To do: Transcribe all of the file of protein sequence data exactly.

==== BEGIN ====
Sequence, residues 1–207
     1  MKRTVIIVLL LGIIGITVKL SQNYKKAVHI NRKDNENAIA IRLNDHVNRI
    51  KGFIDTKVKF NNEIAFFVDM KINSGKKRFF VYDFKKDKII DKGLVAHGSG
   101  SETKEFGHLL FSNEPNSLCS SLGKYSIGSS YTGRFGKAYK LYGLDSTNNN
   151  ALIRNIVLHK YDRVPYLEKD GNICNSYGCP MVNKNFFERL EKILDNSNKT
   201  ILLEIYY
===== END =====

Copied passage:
Sequence, residues 1–207
     1  MKRTVIIVLL LGIIGITVKL SQNYKKAVHI NRKDNENAIA IRLNDHVNRI
    51  KGFIDTKVKF NNEIAFFVDM KINSGKKRFF VYDFKKDKII DKGLVAHGSG
   101  SETKEFGHLL FSNEPNSLCS SLGKYSIGSS YTGRFGKAYK LYGLDSTNNN
   151  ALIRNIVLHK YDRVPYLEKD GNICNSYGCP MVNKNFFERL EKILDNSNKT
   201  ILLEIYY